Thursday, March 5, 2015 - Article by: Prospect Financial Group San Deigo, CA - Prospect Financial Group, Inc. -
If you're thinking about buying a home, how much you'll be able to afford as a downpayment is probably one of the first things you consider. A downpayment is the amount of money you pay upfront, which equates to the initial equity you have in the home. In almost every case, the bigger your downpayment, the less you'll have to spend on the rest of your loan. A 20% downpayment will get you the best conventional rates on the market, with no mortgage insurance to worry about. That means if your new house costs $200,000, you'd need $40,000 upfront to cover that 20% downpayment.
Yeah, you read that right. It's a lot of money. There are, however, many mortgage products available to those who can't shell out that kind of cash. FHA, VA, HARP, and USDA loans are all loan programs that allow you to make smaller downpayments. The caveat is that they all require you to pay mortgage insurance as well. In addition, these loan types are only available to certain people who qualify. For example, the VA loan is for veterans and others with specific military ties and the USDA loan is for those living in rural areas who meet specific criteria.
Fortunately there are around 2,300 downpayment assistance programs. The companies who provide these programs can people who are in need and meet certain income, location, and occupational requirements. Many young adults are not aware of these programs even though they are the main beneficiaries.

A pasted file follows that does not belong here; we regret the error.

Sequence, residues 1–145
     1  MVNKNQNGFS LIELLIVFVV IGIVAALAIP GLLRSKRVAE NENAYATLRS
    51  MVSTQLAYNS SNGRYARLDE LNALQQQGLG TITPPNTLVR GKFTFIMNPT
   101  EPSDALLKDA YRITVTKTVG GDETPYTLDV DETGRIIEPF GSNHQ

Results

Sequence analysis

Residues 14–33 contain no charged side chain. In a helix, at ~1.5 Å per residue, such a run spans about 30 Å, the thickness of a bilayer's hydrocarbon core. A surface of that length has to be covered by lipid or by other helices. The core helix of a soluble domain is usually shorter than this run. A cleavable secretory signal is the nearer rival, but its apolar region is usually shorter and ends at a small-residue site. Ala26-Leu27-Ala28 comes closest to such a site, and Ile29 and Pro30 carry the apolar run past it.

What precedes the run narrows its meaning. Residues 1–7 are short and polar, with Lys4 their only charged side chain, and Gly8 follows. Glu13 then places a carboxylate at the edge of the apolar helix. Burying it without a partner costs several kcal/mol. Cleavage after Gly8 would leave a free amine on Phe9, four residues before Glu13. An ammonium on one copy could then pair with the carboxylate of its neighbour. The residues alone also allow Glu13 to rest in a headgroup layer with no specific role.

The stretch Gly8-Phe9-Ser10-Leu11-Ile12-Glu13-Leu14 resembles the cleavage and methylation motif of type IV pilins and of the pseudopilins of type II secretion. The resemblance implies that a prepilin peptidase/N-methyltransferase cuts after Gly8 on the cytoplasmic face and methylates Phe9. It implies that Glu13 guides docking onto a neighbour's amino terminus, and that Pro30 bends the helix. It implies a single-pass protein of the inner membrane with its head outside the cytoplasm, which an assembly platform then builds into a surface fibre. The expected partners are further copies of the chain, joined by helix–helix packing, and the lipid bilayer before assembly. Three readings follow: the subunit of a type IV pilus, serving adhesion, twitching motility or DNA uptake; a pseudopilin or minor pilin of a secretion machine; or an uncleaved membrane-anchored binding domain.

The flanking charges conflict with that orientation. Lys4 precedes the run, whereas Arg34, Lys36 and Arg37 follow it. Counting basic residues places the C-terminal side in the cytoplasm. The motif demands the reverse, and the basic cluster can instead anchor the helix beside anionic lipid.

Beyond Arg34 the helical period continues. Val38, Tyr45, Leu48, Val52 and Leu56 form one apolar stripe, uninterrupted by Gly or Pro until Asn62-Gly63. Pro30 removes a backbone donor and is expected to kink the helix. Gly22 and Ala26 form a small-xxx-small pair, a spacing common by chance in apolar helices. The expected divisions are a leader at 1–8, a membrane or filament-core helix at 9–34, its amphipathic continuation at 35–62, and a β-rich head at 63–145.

If the downpayment is what's stopping you from purchasing your new home, take a look at these three programs as well as the ones mentioned above, and see if you can get some assistance or a lower downpayment.
1. Home Investment Partnerships Program The U.S. Department of Housing and Urban Development (HUD) provides this program, which gives federal block grants to state and local governments to aid people in low-income housing. When the money is given, it is used to purchase, rehabilitate, and sell homes to people of low income. These loans come with a 3% downpayment option and very few strings attached.
2. American Dream Downpayment Initiative This program is also through HUD. Instead of individual loans, this program gives assistant to making the downpayment itself. Certain careers are tied to this initiative: policemen, firemen, sanitation, maintenance workers, and teachers. It is also available to low income families.
3. Local bond programsThere are many state, county, and city programs that can help you afford the downpayment and become a homeowner. Sit down with your lender and ask about what programs are available in your area. If you're a first-time homebuyer, there will most likely be something out there that fits your needs.
Didn't find the answer you wanted? Ask one of your own.